M Night Shymalan’s TV series Servant comes to an end with this fourth and final season. This series had been a delight to watch over the years because it feels different from most conventional TV series, and the very good performances from its predominantly cast of 4 main characters. The plot involving a mysterious “servant”, Leanne, who enters the lives of a Philedelphia family that had just had a tragic family loss, is filled with unexplained happenings that borders on the macabre. However, the plot serves only as a foundation for developing the invigorating personalities of the key characters, which are the series’ primary draw. The script is punchy and I never get bored by the dialouge. Perhaps the series’ format of having each episode length run for 30 minutes helps as there is simply no time to get bored.
Season 4 attempts to finally wrap things up. Sadly, it is also its weakest season. The initial episodes felt like fillers as nothing much happens with some non-movers plot developments thrown in. For example, what’s with the introduction and departure of the two private nurses, and the reappearance of Uncle George as an unlikely threat to get Leanne out of the house? In contrast the final two episodes which supposedly provides the closure to the mystery and story seemed rushed. These were the season’s most powerful episodes and Lauren Ambrose and Nell Tiger Free had some great emotional and poignant scenes both individually as well as when they are together. It’s a pity that everything happens so quickly in the final episodes as I think we could have had more of these impressive moments to provide a meatier and more explainable conclusion.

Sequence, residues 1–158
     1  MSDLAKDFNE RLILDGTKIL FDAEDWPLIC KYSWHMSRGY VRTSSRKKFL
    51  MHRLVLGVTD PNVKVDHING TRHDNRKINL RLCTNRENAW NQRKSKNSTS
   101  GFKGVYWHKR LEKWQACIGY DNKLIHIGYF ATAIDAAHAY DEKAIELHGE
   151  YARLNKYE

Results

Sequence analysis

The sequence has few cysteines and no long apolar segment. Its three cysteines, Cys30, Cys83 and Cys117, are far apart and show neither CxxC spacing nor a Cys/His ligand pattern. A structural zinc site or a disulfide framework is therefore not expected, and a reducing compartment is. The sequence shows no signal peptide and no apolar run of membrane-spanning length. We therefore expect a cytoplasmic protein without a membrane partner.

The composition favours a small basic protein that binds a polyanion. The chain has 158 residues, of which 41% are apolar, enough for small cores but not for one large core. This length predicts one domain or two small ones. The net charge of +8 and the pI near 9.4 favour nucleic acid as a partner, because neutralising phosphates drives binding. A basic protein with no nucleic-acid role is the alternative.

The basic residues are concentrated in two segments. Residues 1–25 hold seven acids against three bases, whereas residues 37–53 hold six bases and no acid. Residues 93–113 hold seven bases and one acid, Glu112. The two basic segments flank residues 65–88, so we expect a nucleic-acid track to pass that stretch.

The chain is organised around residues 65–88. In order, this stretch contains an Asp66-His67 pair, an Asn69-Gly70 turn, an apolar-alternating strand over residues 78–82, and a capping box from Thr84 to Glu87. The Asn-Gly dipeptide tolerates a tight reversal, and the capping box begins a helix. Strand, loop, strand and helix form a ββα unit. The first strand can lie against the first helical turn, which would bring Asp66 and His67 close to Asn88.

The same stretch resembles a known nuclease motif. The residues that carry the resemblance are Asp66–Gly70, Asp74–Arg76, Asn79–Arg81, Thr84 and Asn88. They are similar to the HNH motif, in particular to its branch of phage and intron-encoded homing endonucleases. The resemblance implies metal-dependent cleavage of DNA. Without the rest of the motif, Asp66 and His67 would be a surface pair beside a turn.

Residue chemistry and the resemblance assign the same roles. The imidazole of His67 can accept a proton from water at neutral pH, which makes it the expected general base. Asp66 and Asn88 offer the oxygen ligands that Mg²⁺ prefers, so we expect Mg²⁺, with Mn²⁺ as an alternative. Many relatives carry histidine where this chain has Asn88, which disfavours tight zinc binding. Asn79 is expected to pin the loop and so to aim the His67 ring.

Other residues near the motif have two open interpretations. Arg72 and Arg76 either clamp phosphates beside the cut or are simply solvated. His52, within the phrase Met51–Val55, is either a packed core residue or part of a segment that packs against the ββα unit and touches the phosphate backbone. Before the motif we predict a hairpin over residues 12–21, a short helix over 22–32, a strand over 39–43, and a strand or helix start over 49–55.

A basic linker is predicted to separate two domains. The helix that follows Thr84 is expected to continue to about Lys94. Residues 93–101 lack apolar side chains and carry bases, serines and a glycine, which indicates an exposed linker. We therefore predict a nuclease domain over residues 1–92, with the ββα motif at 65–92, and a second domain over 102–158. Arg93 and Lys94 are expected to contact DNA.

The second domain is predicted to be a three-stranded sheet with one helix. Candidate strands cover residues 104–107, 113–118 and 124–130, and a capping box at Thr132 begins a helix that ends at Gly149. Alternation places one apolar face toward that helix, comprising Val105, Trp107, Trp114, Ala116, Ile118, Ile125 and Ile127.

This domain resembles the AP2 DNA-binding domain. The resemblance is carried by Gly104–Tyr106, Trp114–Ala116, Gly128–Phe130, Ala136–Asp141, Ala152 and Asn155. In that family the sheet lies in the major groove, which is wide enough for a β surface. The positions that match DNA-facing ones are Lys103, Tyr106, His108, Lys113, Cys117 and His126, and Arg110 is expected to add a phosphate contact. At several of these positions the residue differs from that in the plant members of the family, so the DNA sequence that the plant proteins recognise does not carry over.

Season 4 has mixed emotions for me. I was disappointed by the initial episodes because they felt like fillers and added nothing to the story development. But I loved the ending which displayed a surprising level of empathy over the loss of a family member, and how it projected the beauty of forgiveness and atonement. All of this is impossible without the brilliant performances of the complete ensemble and a script that is both funny and emotional at times, but always authentic. Thank you, M Night Shyamalan, for providing us with this series. I’m hoping for more positive things in the future.